Look for high and low-pressure systems, fronts (boundaries between air masses), and anomalies that might deviate from expected patterns.

As you engage in the process of hand analysis in forecasting, adopting a comprehensive perspective is crucial. Let’s look further into specific aspects to consider:

  1. High and Low-Pressure Systems: Keep a keen eye out for indications of high and low-pressure systems. High-pressure areas typically correlate with fair weather and clear skies, while low-pressure regions often signify potential for clouds and precipitation. Identifying these systems lays the groundwork for understanding broader atmospheric dynamics.
  2. Weather Fronts – Meeting Points of Air Masses: An essential component of hand analysis involves detecting weather fronts, which are the intersections where distinct air masses converge. These fronts often herald changes in weather conditions. By pinpointing warm fronts, cold fronts, and occluded fronts, you can gain insights into shifts in temperature, humidity, and wind patterns.
  3. Anomalies and Deviations: In the process of scrutinizing weather maps, it’s imperative to stay vigilant for anomalies or deviations from anticipated patterns. These outliers can offer critical insights into the complexities of the atmosphere. Observing unexpected variations, such as unusual wind directions or abrupt temperature changes, equips you to refine your analysis and deliver more accurate forecasts.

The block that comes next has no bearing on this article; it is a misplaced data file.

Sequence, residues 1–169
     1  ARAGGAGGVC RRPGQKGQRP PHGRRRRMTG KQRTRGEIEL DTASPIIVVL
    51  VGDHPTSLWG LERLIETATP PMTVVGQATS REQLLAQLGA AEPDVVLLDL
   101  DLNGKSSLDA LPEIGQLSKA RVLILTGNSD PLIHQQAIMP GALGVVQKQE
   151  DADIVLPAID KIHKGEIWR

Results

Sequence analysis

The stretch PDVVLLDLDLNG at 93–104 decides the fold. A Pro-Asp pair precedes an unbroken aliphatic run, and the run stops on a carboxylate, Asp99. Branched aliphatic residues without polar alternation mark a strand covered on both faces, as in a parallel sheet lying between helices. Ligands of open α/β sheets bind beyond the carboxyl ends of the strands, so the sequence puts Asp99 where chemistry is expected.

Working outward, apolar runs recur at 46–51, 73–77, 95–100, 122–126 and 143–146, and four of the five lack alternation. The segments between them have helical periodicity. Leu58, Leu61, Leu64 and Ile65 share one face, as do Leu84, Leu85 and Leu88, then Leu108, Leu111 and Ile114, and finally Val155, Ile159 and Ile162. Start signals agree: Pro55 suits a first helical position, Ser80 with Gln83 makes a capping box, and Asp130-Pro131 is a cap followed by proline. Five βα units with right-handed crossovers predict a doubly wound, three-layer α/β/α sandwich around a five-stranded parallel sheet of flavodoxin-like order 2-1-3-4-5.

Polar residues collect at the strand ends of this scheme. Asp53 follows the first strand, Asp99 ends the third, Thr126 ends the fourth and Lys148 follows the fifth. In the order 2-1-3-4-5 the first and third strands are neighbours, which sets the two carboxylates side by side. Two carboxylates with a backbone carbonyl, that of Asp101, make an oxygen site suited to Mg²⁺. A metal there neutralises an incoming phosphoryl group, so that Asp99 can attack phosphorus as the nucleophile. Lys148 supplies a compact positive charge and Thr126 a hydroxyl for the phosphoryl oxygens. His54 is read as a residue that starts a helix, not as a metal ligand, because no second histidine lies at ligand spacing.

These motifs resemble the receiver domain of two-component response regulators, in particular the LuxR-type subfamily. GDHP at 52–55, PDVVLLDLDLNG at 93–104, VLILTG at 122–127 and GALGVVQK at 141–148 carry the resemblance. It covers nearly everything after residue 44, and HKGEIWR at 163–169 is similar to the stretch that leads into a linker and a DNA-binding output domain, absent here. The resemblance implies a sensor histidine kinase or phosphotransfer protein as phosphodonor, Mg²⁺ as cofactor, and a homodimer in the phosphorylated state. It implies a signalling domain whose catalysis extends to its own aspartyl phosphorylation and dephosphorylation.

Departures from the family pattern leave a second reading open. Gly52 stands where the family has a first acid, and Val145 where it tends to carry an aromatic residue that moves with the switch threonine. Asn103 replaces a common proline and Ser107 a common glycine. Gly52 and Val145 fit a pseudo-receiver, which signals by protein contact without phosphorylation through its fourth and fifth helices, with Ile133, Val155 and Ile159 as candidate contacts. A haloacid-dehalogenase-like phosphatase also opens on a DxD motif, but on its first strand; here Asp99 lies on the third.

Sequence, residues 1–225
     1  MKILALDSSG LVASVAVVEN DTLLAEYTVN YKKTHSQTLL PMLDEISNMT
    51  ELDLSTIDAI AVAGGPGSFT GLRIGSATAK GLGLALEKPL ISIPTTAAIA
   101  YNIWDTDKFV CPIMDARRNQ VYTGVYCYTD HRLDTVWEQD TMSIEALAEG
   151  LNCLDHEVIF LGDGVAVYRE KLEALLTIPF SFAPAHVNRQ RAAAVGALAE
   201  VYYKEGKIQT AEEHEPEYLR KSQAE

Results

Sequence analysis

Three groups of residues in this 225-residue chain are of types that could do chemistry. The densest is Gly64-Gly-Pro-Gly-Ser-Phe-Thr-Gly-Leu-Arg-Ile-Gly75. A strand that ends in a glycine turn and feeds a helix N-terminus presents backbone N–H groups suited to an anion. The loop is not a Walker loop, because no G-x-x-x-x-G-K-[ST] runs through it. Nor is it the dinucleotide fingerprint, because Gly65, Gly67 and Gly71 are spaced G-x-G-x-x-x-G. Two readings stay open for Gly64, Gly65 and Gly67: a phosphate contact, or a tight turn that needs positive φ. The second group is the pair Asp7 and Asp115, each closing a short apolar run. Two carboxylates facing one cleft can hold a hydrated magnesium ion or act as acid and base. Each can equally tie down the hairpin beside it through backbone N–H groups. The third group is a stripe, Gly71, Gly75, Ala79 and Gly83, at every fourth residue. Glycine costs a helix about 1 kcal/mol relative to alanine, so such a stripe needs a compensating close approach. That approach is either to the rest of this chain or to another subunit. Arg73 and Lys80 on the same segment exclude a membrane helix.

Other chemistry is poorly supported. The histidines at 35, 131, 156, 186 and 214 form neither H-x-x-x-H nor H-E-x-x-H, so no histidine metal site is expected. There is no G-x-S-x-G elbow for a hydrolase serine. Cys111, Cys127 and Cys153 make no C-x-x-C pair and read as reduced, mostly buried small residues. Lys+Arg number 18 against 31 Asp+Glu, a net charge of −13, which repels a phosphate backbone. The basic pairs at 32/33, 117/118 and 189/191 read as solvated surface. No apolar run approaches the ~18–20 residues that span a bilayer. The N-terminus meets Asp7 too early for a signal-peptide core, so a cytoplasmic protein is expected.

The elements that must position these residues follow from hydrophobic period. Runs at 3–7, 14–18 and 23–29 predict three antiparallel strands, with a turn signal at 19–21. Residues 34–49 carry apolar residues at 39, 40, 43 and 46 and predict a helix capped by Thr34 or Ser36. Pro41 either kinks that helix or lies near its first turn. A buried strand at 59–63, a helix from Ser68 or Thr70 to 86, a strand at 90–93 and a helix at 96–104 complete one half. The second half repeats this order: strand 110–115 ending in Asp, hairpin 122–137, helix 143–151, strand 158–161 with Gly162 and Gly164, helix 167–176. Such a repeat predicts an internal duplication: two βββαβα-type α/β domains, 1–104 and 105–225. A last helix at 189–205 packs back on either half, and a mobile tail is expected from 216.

By adopting a holistic approach to hand analysis in forecasting and observing key elements, you can decipher intricate atmospheric dynamics. This methodical approach empowers you to unravel the nuanced interactions that contribute to weather patterns and enhance your forecasting capabilities.

Local Factors

Topography: Shaded Relief with Height as Color, North America. NASA JPL

Consider local topography, large bodies of water, and other geographical features that can influence weather conditions.

When engaging in hand analysis for forecasting, adopting a holistic perspective that incorporates geographical factors is essential. Let’s tap into specific elements that warrant your attention:

  • Local Topography: Acknowledge the influence of local topography on weather patterns. Mountains, valleys, and elevation changes can significantly impact wind flow, precipitation distribution, and temperature variations. Understanding how terrain interacts with atmospheric conditions enhances the accuracy of your analysis.
  • Large Bodies of Water: The presence of large bodies of water, such as oceans and lakes, plays a pivotal role in shaping weather dynamics. Bodies of water can modulate temperature, increase humidity, and contribute to cloud formation. Recognizing the effects of nearby water sources allows you to anticipate potential weather changes.
  • Other Geographical Features: A diverse range of geographical attributes, such as urban areas, forests, and deserts, can significantly impact weather phenomena. Deserts can form drylines—sharp boundaries between moist and dry air—impacting weather dynamics distinctly. Analyzing these features is pivotal in gaining a thorough grasp of the intricate interplay between local geography and atmospheric conditions.

By integrating geographical considerations into your hand analysis process, you gain a broader perspective on interactions that shape weather patterns. This holistic approach empowers you to generate forecasts that account for the intricacies of the environment. It results in more accurate predictions and informed decision-making.